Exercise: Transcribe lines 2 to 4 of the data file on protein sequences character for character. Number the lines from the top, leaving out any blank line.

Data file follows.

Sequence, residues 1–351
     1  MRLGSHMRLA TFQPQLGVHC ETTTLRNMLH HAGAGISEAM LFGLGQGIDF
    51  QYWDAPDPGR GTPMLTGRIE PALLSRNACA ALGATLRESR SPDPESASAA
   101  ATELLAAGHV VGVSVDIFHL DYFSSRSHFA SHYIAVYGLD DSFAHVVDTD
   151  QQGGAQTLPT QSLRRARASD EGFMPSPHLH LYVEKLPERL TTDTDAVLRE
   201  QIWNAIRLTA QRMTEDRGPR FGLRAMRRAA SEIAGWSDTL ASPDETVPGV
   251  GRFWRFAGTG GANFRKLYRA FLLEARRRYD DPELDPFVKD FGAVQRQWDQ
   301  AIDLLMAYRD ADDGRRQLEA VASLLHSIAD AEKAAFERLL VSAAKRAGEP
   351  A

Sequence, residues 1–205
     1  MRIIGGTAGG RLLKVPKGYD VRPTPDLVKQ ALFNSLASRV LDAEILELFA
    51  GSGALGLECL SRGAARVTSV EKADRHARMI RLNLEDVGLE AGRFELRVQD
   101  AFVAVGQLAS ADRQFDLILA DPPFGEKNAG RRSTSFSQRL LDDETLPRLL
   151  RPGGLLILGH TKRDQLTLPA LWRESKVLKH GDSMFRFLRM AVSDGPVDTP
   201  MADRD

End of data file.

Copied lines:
     1  MRLGSHMRLA TFQPQLGVHC ETTTLRNMLH HAGAGISEAM LFGLGQGIDF
    51  QYWDAPDPGR GTPMLTGRIE PALLSRNACA ALGATLRESR SPDPESASAA
   101  ATELLAAGHV VGVSVDIFHL DYFSSRSHFA SHYIAVYGLD DSFAHVVDTD